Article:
General Data Protection Regulation (GDPR) governs the collection of data related to people in the EU and it imposes obligations on EU countries but is applicable to any and all organisations that target or collect data on EU persons.
How does the two-tiered system of GDPR work?
The purpose of GDPR is to regulate the collection of data and the way this is used. GDPR has at its disposal the use of harsh fines on businesses who violate its provisions, as well as other sanction-based mechanisms.
There are two tiers of administrative fines for non-compliance with GDPR. The two tiers of GDPR fines consist of a lower level and a higher level. The lower level fines are up to €10 million or can be up to 2% of the annual turnover of the preceding financial year, whichever is higher. These fines are issued for less severe breaches of the GDPR.
The higher level fines can be issued up to €20 million or 4% of the annual turnover of the undertaking which are issued for more severe infringement of GDPR regulation.
What is an undertaking in terms of GDPR?
With penalties being dependent on the total global turnover of an undertaking, it is important to understand what constitutes an undertaking. The definition encompasses ‘every entity engaged in an economic activity, regardless of the legal status…’, as established in Höfner and Elser v Macrotron GmbH (1991) C-41/90 (Hofner Case).
An undertaking does not have to consist of just one company. If the parent company exercises autonomy over a subsidiary then there is a presumption of control. All the companies under the control of the parent company could be considered as one undertaking for the purposes of the law. This means that the whole group could be used to establish the total annual turnover to calculate the fine for the GDPR infringement. Therefore, fines under the GDPR can be very high depending on the circumstances of the company.
What happened with the Danish municipalities?
Recently, the Danish Data Protection Agency reported both the municipality of Gladsaxe and Horsholm to the police, as they found a violation of the GDPR. It was found that security requirements under GDPR had been violated. These violations pertain to the security of processing under GDPR which is governed by the obligations of controllers and processors.
A ‘controller’ is an entity or individual that makes decisions about processing activities and is in control of the personal data whereas a ‘processor’ is an entity or individual that acts under the authority of the controller and serves the controllers’ interests rather than their own.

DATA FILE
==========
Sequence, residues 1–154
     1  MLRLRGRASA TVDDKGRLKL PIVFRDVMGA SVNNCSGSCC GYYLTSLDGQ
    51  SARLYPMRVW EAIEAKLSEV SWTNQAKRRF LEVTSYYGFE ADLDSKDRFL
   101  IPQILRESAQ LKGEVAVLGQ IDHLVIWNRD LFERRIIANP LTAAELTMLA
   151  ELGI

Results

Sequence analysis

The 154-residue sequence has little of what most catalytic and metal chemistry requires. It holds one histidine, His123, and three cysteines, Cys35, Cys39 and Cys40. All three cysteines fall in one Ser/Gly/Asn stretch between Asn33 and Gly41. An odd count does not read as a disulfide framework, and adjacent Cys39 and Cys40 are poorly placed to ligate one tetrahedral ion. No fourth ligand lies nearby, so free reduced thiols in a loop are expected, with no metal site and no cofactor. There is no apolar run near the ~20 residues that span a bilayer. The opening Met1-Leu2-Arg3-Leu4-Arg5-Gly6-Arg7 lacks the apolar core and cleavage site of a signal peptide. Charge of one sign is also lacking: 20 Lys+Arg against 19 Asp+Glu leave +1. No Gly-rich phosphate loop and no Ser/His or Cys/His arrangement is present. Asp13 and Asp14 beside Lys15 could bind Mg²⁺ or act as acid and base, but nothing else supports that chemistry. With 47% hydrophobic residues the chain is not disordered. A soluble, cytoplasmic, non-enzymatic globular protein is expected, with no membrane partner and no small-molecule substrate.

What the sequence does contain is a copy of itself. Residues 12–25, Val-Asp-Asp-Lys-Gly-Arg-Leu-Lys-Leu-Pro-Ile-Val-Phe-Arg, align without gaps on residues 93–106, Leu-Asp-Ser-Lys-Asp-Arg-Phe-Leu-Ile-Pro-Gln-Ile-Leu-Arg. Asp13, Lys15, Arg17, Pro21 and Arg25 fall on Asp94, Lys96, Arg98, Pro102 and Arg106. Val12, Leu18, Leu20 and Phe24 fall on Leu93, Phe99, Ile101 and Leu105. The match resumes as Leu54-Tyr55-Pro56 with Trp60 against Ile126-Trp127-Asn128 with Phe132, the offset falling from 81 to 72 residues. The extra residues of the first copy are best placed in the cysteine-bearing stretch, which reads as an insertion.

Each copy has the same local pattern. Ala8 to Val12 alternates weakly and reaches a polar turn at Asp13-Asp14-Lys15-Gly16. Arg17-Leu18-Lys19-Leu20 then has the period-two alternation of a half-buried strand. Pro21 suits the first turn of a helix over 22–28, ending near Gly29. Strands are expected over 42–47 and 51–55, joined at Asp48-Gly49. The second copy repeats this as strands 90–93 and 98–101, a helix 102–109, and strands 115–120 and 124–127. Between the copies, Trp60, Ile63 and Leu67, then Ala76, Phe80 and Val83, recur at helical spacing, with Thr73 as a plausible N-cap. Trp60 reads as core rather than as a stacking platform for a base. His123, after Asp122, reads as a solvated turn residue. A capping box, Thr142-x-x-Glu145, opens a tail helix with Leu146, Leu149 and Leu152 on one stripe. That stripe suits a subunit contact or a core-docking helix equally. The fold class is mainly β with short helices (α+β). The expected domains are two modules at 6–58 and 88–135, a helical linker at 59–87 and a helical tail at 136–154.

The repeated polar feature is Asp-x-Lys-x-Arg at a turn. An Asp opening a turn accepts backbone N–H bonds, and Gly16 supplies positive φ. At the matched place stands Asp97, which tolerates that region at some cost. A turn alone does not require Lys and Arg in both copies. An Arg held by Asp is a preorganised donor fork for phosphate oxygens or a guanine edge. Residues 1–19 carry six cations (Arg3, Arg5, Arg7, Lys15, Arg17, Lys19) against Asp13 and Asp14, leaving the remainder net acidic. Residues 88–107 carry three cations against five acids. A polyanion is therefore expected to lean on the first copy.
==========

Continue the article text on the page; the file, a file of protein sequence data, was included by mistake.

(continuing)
The Danish cases at hand both involved the theft of computers that were not protected by encryption. At Gladsaxe City Hall, a computer containing the personal date including sensitive data of over 20,000 citizens was stolen. The second breach of security occurred at the municipality of Horsholm where the computer of an employee was taken from his car. This contained personal data on 1,600 employees with the data again being of a personal nature. With residents not being able to opt out of the municipality storing their data, the level of protection and security is expected to be high. Incidents like this highlight the dangers of insufficient levels of security and the undue risk it exposes citizens to.
What are the consequences of the failure to encrypt?
The Data Protection Agency was notified of the cases relating to data security breach when both municipalities alerted the agency of breaches in personal data ‘relating to the theft of computers containing personal data’. From this notification the Danish authorities were able to intervene and impose fines on the municipalities, those being DKK 100,000 and DKK 50,000 respectively.
The fines levied are directly related to the seriousness of the infringement and the contextual consequences of the breaches in question. The fines must be ‘effective, proportionate and dissuasive for each individual case’, meaning the authorities have criteria that must be considered when choosing the penalty amount. These criteria include, amongst other things, the intent behind the infringement and measures taken to mitigate the damage that has occurred. With the Danish example, it was very easy to access files that were not encrypted. The personal data was stored locally with no security measures in place.
What does this mean for my business?
GDPR’s implementation signals the firm stance the EU is taking on data privacy and security.
As evidenced by the recent fines given to the two Danish municipalities, implementation of GDPR is taking on its full effect. GDPR puts the consumer in control and the ‘task of complying with this regulation falls upon businesses and organisations’. With the penalties for failure to comply being severe, all companies that store and work with personal data of EU citizens should appoint a data protection officer, to ensure compliance with GDPR requirements. Existing procedures should be reviewed to ensure the procedural requirements of GDPR are met, and all personal data stored should be safeguarded throughout the business to help contain any breaches.
For situations like the Danish example, measures should be implemented to ensure personal data is encrypted and cannot be easily accessed from a hard drive. Promulgation of the GDPR has created a new era in data protection within the EU, and businesses must comply or face the negative repercussions of their inaction.